cThe statements of fact appearing herein are based on the "History, Camp Hospital No. 102, A. E. F.," Virelade, by Capt. Francis P. Richards, M. C., while on duty as a member of the staff of that hospital. The history is on file in the Historical Division, S. G. O., Washington, D. C.-Ed.
dThe statements of fact appearing herein are based on the "History, Camp Hospital No. 103, A. E. F.," Pauillac, by Lieut. Col. M. A. Dailey, M. C., while on duty as a member of the staff of that hospital. The history is on file in the Historical Division,  S. G. O., Washington, D. C.-Ed.
eThe statements of fact appearing herein are based on the "History, Camp Hospital No. 104, A. E. F.," Lussac, by the commanding officer of that hospital. The history is on file in the Historical Division, S. G. O., Washington, D. C.-Ed.
 



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established to care for the sick and injured of the Libourne billeting area, occupied by troops awaiting transportation to the United States. The area covered about 16 square miles and the sick were collected by two ambulances making regular morning rounds to infirmaries in the towns of the area. Patients were received first on February 20, 1919, and the hospital functioned until May 2, 1919, on which date all patients were transferred to Bordeaux. The personnel returned to the United States, sailing from Bordeaux on June 10, 1919.

 CAMP HOSPITAL NO. 105f

Camp Hospital No. 105, was established February 6, 1919, at Salleboeuf, Department Gironde, base section No. 2, to serve the eastern Bordeaux training area, then occupied by troops awaiting transportation to the United States. It was located in the Château St. Regis, and with the addition of several tents had a capacity of 200 beds. Patients were admitted first on February 11, 1919, and the hospital functioned until April 30, 1919, when all remaining patients were transferred to Base Hospital No. 208 at Bordeaux.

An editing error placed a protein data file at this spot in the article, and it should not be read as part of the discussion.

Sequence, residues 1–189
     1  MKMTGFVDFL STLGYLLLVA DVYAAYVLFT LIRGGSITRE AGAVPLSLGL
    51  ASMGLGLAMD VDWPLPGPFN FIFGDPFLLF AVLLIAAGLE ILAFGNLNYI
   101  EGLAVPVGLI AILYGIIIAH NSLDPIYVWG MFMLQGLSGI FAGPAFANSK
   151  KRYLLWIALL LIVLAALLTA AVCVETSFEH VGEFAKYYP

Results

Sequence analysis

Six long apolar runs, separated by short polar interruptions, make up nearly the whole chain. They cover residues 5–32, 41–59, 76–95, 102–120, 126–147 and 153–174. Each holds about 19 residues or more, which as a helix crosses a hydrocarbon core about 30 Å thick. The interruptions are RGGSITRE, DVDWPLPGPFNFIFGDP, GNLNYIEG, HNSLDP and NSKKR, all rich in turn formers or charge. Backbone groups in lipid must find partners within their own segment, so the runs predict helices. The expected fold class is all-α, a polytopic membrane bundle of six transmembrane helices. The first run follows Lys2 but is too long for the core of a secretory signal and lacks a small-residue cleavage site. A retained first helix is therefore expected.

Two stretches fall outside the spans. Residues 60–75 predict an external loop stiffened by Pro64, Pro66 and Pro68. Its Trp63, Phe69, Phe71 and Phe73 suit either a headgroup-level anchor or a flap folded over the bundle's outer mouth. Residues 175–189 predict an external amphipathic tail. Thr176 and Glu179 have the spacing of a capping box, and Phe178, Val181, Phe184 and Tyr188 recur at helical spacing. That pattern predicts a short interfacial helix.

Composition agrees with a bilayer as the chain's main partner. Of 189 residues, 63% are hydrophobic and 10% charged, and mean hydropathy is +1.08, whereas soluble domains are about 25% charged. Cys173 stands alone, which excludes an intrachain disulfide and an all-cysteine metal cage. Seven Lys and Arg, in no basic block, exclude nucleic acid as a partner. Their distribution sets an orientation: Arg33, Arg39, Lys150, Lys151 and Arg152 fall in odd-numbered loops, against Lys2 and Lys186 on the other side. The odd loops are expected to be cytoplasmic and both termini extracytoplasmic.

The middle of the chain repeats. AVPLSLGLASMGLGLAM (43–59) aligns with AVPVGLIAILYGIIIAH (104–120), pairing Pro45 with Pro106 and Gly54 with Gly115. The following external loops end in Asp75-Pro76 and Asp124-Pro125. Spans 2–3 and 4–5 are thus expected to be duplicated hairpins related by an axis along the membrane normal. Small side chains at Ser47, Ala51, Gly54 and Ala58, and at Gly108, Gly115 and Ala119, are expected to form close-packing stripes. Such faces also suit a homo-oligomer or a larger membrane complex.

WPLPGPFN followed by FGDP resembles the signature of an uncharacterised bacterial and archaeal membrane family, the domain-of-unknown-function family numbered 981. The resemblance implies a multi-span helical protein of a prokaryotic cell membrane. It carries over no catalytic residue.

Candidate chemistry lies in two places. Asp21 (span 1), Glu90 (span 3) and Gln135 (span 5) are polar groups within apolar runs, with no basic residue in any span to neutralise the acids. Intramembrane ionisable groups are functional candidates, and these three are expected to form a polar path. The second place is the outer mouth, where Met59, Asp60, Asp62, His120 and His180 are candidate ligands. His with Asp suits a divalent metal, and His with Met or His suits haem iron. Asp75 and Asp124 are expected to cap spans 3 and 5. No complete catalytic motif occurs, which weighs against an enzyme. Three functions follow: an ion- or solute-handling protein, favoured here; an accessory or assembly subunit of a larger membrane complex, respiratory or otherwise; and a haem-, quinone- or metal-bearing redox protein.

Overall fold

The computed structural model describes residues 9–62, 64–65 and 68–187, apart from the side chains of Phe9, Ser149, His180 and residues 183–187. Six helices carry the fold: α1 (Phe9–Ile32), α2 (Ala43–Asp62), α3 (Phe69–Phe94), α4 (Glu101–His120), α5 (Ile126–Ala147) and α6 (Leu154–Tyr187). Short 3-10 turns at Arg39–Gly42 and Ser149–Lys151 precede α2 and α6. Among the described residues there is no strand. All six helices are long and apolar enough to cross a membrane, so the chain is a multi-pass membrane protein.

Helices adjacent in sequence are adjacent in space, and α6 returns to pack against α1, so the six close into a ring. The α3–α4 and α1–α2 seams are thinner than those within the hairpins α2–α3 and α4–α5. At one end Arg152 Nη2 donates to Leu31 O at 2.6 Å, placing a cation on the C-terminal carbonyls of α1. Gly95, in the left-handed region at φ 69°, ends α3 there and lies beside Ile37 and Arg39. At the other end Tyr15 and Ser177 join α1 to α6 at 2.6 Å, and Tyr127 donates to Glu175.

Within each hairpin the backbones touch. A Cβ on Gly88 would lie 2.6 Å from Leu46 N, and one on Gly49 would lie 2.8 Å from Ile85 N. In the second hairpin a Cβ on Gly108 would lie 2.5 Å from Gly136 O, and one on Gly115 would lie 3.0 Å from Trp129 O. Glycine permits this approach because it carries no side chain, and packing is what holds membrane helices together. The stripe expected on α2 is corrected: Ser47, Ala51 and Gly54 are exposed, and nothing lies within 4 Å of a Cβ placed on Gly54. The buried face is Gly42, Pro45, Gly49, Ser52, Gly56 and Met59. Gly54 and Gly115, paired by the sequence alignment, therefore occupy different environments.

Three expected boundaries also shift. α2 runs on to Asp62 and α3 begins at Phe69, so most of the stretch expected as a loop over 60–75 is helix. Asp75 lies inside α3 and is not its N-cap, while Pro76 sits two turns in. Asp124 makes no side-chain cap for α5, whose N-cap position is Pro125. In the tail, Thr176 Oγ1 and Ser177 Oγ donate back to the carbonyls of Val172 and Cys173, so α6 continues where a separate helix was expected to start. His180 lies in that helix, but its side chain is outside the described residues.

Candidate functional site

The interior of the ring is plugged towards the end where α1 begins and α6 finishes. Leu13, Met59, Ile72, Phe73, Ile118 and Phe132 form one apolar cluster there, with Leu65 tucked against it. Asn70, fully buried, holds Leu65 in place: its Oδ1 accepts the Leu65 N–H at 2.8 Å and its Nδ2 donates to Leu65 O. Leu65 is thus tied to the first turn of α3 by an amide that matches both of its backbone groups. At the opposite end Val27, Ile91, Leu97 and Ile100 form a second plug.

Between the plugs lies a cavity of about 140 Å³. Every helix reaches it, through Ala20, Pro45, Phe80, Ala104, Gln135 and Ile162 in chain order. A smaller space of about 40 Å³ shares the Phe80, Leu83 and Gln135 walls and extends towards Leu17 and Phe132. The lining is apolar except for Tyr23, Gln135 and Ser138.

CAMP HOSPITAL NO. 106g

Camp Hospital No. 106 was established February 4, 1919, at Blaye, Department Gironde, base section No. 2, to serve troops in the Bordeaux area. The contiguous area was not occupied and the hospital was closed on May 3, 1919. During its existence only 14 patients were admitted.

 CAMP HOSPITAL NO. 107h

Camp Hospital No. 107 came into existence March 1, 1919, when Base Hospital No. 77 at Beaune, Department Côte d 'Or, advance section, was designated Camp Hospital No. 107. It was established in the buildings of Base Hospital No. 77 and served the American Expeditionary Force University at Beaune. When taken over, it contained 635 patients. Its capacity was 1,000 which later was reduced to 300. During its existence 813 medical and 394 surgical cases were admitted. The hospital ceased to operate in June, 1919; its personnel returned to the United States, sailing from Brest, June 27, 1919, on the Manitou, and were demobilized at Camp Upton, N. Y., July 9, 1919.

 CAMP HOSPITAL NO. 108i

Camp Hospital No. 108 was organized March 1, 1919, at Allerey, Department Saone et Loire, intermediate section, for the purpose of serving the farm school subpost, American Expeditionary Force University, Allerey. It was organized from the personnel of Base Hospital No. 97 and took over the
 

fThe statements of fact appearing herein are based on the "History, Camp Hospital No. 105, A. E. F.," Salleboeuf, by Maj. F. H. Hurst, M. C., while on duty as a member of the staff of that hospital. The history is on file in the Historical Division,  S. G. O., Washington, D. C.-Ed.
gThe statements of fact appearing herein are based on the "History, Camp Hospital No. 106, A. E. F.," Blaye, by Maj. John S. Sweeney, M. C., while on duty as a member of the staff of that hospital. The history is on file in the Historical Division,  S. G. O., Washington, D. C.-Ed.